On June 11, 2018, the Federal Communications Commission (FCC) rolled back
the net neutrality protections that were
put in place in 2015. This rollback was
the result of action taken in December
2017 by the FCC to repeal net neutrality
regulations which prohibited broadband
providers from blocking or throttling
(slowing down) traffic or from offering
so-called “fast lanes” to companies
willing to pay extra to reach consumers
more quickly than competitors.
The issue is not over as it will now
move to the courts, where several groups
are challenging the FCC’s decision. Also,
on July 17, Rep. Mike Coffman (R-CO)
introduced a bill, The 21st Century Internet Act, which would codify free internet regulations into law and reinstate the
basic protections implemented in 2015.
Although it will take a while to fully re-
WHAT IS NET NEUTRALITY?
alize the effects of the new rules, this is a first step in a process that could reshape the
Network neutrality is the principle that all internet traffic should be transmitted to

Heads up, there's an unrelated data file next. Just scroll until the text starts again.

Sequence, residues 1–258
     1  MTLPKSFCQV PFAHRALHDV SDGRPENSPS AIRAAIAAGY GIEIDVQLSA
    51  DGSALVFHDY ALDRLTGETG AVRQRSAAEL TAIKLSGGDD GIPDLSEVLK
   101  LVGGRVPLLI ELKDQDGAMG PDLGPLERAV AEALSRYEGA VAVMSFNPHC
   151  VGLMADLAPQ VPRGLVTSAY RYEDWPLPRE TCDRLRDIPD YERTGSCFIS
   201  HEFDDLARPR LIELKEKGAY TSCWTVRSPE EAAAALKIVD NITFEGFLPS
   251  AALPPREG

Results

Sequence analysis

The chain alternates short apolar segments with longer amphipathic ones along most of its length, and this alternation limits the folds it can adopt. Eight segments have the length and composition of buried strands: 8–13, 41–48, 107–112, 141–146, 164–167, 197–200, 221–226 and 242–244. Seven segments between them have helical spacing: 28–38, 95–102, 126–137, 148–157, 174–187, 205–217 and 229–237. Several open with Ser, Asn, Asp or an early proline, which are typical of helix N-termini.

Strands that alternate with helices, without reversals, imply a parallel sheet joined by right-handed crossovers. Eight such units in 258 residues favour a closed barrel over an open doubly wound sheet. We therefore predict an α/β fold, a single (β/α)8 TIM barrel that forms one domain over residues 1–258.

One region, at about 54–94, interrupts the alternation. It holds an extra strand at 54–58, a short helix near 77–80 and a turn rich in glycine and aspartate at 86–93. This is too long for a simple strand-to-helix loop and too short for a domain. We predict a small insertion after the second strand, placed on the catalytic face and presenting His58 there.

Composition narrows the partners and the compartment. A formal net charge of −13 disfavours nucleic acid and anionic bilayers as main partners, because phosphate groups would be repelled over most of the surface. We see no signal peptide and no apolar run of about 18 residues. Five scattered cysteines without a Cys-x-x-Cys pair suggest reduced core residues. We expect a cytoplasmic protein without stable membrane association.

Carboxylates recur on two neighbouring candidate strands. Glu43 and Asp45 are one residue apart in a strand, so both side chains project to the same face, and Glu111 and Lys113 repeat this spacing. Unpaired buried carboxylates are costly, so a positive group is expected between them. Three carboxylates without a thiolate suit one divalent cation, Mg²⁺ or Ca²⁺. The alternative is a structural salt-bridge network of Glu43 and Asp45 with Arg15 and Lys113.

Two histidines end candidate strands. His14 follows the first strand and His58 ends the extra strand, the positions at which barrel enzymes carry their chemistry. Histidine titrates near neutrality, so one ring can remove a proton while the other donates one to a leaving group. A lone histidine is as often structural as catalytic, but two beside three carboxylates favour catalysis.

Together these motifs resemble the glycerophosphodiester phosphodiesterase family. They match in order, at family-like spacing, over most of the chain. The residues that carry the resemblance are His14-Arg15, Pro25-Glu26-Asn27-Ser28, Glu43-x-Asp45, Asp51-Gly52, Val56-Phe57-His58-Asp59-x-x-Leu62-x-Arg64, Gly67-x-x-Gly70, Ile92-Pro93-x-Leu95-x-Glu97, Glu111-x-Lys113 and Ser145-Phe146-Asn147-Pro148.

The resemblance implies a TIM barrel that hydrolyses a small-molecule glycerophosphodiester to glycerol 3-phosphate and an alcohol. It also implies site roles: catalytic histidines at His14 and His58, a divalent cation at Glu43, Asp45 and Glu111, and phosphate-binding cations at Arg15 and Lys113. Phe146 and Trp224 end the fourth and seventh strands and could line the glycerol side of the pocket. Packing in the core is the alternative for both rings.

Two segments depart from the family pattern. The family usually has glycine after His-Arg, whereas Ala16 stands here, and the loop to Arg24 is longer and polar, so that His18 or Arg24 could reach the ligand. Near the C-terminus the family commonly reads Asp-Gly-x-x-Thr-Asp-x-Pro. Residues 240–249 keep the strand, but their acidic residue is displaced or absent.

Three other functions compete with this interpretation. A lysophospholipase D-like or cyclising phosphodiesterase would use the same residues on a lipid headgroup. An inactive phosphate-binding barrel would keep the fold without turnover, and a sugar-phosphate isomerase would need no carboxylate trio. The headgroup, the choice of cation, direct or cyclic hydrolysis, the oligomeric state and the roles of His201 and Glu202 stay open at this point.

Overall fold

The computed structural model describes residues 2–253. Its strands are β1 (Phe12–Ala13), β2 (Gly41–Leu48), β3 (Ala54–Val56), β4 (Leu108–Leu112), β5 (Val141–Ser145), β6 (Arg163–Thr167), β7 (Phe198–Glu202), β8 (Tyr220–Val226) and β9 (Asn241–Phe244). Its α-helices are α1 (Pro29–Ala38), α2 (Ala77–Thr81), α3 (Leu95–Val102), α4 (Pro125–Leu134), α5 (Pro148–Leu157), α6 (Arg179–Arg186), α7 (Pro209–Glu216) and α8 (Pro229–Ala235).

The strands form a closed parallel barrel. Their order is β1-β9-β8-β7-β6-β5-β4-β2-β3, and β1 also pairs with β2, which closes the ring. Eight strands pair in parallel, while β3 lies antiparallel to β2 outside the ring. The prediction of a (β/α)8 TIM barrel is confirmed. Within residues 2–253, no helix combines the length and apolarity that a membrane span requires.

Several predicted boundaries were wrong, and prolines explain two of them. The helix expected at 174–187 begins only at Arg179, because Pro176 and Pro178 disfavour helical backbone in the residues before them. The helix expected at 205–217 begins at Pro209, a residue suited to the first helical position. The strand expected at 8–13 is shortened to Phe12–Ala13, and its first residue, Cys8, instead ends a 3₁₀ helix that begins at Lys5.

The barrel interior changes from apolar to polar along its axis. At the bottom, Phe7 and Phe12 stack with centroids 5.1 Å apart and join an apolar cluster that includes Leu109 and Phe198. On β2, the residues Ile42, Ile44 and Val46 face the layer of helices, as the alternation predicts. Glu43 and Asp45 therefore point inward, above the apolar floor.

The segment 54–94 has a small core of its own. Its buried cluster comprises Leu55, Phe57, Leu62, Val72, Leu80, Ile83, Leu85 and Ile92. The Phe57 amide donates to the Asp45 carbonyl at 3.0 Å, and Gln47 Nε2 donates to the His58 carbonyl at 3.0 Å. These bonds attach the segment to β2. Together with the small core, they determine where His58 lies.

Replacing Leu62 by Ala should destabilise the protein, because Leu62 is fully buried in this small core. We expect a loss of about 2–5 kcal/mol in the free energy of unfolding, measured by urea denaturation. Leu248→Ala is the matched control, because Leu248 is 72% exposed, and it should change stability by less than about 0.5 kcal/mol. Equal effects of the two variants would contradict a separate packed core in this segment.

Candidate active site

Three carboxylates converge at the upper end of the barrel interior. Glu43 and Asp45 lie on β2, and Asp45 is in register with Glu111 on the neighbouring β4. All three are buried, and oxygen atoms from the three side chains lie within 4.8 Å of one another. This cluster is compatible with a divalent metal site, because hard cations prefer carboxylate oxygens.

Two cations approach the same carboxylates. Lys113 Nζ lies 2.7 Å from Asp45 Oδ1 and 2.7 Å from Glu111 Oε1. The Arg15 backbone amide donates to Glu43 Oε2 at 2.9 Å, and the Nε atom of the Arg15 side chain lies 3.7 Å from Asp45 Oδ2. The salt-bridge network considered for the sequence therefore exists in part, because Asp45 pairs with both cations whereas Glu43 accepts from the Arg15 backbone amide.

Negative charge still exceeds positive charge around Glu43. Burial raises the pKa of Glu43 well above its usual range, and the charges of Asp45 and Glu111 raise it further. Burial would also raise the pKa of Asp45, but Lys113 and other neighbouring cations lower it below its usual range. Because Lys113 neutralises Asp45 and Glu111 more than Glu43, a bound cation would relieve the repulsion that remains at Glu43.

consumers with the same quality and at the same speed, regardless of whether an
internet service provider (ISP) has a financial interest in promoting one website over
In 2015, the FCC changed the way it classified broadband internet in order to preserve net neutrality protections. By reclassifying broadband as a “common carrier”—
similar to airlines, telephone and electricity companies that have to serve everyone—
the FCC solidified its authority to regulate internet access providers and enforce net
neutrality. The FCC’s vote in December of 2017 reverts broadband back to its previous
status as an “information service,” which means providers face fewer obligations under
the FCC’s regulatory structure and effectively removes the FCC’s power to create or
enforce net neutrality protections.
WHAT HAS CHANGED?
According to both advocates and opponents, it is unlikely that consumers saw changes
immediately. However, with the restrictions gone, ISPs (e.g. Comcast, AT&T, Verizon,
Charter Spectrum) can offer a website faster and more reliable delivery of its content
NET NEUTRALITY AND DATA SECURITY—
What Do They Mean for Property Management?
By Ted Thurn
It is safe to say that technology encompasses almost every facet of our professional
and personal lives. With these advancements, it is vital for businesses and property
managers to keep up with changes in the technology world. Two issues of special
note are net neutrality and data security.